Sentencing Guidelines For Supplying Drugs
Supplying drugs or possessing with intent to supply
These offences are serious and may lead to lengthy custodial sentences.
What drugs are illegal to supply?
Supplying a controlled drug is an offence. This includes more obvious examples such as heroin, cocaine and amphetamine. Class B and C drugs are also included such as some steroids and ketamine. Some of which you can legally possess but you cannot legally supply.
What does it mean to supply?
In this context, it means to provide or hand over drugs to somebody. This does not have to be for money in order for it to be considered supplying.
Passing drugs on to someone else for safe-keeping may not be supply (although even that is not clear cut), but if the person holding the drugs intends to return them to the first person, they may be guilty of possession with intent to supply.
The rules surrounding the possession of drugs are some of the most complicated within law.
How do you prove an intent to supply?
Admission is the easiest way to prove intent. Other ways include assessing the circumstances in which the drugs are held as well as the behaviour of the alleged offender.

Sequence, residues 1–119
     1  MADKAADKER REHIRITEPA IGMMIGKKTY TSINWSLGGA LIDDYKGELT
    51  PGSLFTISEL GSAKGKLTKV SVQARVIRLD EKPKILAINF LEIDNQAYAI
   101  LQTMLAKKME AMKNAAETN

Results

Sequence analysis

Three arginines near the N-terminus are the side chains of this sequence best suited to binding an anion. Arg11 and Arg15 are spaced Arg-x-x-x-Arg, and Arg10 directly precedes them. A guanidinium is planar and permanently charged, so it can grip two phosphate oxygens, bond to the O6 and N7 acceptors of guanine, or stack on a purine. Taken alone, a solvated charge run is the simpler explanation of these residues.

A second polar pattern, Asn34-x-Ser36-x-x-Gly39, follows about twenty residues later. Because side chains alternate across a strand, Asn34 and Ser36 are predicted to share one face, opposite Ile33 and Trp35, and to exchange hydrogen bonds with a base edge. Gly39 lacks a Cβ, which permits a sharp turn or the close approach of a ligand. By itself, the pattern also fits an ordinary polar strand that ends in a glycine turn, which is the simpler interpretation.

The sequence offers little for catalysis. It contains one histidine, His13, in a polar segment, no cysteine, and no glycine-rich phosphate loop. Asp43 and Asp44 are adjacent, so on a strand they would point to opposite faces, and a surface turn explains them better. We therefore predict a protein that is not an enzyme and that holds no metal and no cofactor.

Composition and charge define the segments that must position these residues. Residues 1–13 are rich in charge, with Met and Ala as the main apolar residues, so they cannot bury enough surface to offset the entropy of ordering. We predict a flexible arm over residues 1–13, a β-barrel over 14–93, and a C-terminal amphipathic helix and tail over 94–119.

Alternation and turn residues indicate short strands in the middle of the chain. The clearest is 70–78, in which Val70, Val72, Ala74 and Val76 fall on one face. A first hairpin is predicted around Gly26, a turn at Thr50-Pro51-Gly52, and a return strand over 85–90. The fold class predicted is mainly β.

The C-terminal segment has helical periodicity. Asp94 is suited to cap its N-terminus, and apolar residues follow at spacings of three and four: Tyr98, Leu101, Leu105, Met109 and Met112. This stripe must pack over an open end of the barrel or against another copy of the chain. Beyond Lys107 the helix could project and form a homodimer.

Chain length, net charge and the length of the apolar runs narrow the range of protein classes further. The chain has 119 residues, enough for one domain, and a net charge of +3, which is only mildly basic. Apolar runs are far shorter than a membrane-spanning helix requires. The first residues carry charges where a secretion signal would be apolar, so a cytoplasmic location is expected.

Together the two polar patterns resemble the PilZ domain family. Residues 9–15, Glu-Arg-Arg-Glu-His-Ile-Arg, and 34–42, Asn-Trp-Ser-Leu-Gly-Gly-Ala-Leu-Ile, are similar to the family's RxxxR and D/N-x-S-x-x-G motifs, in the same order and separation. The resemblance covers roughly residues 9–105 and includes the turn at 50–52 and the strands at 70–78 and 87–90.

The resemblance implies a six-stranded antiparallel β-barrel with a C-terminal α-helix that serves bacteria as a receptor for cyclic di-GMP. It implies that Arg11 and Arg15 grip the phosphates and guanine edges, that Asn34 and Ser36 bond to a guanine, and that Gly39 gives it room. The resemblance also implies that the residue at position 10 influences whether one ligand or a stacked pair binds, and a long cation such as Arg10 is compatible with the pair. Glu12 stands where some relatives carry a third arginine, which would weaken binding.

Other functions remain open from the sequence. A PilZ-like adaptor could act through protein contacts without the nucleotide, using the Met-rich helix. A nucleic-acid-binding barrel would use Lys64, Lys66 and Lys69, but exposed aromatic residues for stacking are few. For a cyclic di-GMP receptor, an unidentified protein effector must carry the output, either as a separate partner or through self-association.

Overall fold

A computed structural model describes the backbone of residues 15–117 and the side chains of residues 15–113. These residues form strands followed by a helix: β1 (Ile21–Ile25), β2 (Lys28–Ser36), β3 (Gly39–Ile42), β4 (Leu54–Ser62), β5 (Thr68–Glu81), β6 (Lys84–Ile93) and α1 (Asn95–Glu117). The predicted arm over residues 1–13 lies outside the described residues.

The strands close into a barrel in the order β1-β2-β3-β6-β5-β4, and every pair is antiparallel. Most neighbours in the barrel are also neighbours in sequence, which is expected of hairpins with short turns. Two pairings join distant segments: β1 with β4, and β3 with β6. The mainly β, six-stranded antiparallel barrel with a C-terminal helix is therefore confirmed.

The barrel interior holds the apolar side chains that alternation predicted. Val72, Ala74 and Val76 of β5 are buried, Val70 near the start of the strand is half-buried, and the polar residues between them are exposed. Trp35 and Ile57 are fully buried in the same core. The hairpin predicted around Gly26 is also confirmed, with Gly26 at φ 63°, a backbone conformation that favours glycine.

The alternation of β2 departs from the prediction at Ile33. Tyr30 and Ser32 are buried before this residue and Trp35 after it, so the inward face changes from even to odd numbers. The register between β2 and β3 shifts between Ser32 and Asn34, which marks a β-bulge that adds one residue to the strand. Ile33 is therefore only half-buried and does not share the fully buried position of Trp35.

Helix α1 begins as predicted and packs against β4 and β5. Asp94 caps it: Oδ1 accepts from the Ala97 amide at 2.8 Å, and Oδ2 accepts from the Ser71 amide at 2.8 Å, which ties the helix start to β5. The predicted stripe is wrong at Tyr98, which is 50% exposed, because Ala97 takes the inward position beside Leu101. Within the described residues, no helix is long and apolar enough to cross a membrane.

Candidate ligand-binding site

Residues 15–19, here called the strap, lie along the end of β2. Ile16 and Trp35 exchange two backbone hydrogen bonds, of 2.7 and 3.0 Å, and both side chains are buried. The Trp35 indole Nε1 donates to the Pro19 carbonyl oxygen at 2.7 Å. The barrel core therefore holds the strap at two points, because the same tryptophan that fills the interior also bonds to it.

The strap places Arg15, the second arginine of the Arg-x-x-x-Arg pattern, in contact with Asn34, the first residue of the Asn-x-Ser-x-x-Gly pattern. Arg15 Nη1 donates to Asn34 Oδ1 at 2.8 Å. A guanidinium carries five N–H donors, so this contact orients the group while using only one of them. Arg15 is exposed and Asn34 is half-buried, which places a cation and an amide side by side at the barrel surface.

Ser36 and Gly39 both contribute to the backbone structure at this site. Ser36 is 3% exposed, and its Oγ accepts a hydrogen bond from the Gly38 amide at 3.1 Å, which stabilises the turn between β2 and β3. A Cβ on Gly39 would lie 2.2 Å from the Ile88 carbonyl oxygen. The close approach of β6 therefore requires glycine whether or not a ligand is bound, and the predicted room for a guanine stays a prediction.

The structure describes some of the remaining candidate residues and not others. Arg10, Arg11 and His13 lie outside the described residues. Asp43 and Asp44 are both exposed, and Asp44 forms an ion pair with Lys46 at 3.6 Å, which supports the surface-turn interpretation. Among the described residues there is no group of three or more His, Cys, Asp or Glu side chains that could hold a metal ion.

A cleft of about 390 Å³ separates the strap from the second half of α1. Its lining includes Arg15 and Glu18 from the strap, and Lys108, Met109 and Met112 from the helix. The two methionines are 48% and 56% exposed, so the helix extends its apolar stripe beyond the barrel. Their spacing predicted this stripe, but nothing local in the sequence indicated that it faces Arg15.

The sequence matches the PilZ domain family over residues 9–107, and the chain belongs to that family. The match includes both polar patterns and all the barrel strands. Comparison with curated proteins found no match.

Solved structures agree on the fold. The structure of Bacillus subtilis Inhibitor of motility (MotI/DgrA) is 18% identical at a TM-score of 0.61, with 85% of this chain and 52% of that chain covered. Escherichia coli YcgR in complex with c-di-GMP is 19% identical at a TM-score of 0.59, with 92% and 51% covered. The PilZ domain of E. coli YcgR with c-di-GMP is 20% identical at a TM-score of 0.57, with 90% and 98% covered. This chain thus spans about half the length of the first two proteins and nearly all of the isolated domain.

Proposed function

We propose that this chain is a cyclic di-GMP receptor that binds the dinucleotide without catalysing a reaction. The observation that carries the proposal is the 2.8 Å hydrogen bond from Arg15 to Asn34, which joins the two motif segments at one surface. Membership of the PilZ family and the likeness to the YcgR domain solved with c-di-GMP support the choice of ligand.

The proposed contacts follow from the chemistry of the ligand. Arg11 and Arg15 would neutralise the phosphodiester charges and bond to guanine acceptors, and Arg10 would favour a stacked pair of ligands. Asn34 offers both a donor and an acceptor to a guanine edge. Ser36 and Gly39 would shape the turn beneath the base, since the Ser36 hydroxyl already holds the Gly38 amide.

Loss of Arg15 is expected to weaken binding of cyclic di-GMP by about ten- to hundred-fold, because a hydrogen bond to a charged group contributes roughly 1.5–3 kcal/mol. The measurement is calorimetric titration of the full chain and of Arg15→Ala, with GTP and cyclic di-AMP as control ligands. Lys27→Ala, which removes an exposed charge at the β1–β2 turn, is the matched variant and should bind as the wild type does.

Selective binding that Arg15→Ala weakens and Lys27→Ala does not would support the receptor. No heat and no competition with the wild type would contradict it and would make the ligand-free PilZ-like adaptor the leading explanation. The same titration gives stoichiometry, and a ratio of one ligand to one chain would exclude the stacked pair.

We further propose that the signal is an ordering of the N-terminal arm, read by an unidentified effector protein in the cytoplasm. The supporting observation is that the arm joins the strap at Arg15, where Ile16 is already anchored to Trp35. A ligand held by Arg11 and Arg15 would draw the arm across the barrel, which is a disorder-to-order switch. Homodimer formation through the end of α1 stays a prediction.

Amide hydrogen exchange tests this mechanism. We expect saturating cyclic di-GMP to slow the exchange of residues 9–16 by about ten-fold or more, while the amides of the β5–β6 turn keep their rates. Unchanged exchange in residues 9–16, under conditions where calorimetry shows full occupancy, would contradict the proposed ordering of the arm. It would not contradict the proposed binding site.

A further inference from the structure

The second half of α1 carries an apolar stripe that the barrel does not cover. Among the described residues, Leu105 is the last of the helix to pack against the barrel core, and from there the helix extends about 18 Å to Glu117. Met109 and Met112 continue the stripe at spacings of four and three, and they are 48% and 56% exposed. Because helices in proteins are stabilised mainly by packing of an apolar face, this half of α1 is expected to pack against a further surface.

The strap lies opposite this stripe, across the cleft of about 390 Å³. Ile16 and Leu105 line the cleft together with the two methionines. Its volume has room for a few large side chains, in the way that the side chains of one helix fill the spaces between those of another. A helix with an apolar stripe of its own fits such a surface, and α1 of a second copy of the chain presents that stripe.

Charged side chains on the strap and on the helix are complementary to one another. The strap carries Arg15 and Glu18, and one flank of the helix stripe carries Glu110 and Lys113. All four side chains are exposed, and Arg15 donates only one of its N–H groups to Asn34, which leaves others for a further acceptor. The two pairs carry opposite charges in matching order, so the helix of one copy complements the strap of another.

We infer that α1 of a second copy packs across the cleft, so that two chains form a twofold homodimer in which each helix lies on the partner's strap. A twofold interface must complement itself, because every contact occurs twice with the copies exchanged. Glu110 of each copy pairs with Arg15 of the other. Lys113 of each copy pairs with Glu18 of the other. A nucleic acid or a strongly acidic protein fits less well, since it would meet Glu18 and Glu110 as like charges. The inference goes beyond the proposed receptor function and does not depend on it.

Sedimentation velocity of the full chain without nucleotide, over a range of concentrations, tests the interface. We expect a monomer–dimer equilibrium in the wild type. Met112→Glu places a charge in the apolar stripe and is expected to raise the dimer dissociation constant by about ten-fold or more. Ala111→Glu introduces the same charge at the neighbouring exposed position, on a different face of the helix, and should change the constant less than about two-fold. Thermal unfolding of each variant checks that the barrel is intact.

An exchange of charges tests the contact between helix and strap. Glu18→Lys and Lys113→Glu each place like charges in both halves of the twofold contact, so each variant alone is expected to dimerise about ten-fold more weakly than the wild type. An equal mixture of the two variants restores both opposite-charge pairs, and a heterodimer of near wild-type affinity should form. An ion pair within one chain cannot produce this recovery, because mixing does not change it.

Factors such as the quantity of drugs, drugs paraphernalia, “tick lists”/debtors’ lists, large amounts of cash and phone records will all be considered.
What about possession?
You must be in possession of the drug to have intent to supply.Anything in your physical custody or in your control is in your possession. You must know about the drugs, but you do not necessarily have to have them on your person or in your vehicle. Without sufficient evidence of intent to supply then the prosecution may accept a charge of possession.
What sentences are given?
A life sentence is the maximum for class A drugs, whilst for Class B and C it is 14 years imprisonment. An adult defendant with two or more previous convictions for trafficking Class A drugs will receive a minimum seven-year sentence, granted that it is fair to impose such a term.
The offence is aggravated for adults, if the offence is committed on or in the vicinity of school premises at a relevant time. “Relevant time” is referring to when the premises are in use by persons aged under 18 or within one hour of the start or end of such time. The offence is also aggravated if somebody under the age of 18 is used as a courier as part of the offence.
The sentencing court will use the specific sentencing guidelines for drug offences. You are more likely to receive a custodial sentence if you are involved with the supply of class A drugs. The Court will consider various factors. These include the quantities involved, the role you played, whether it is street dealing or a commercial enterprise and the amount of money made. Credit is given for a guilty plea.
Drugs offences attract some of the lengthiest prison sentences handed out in our courts.
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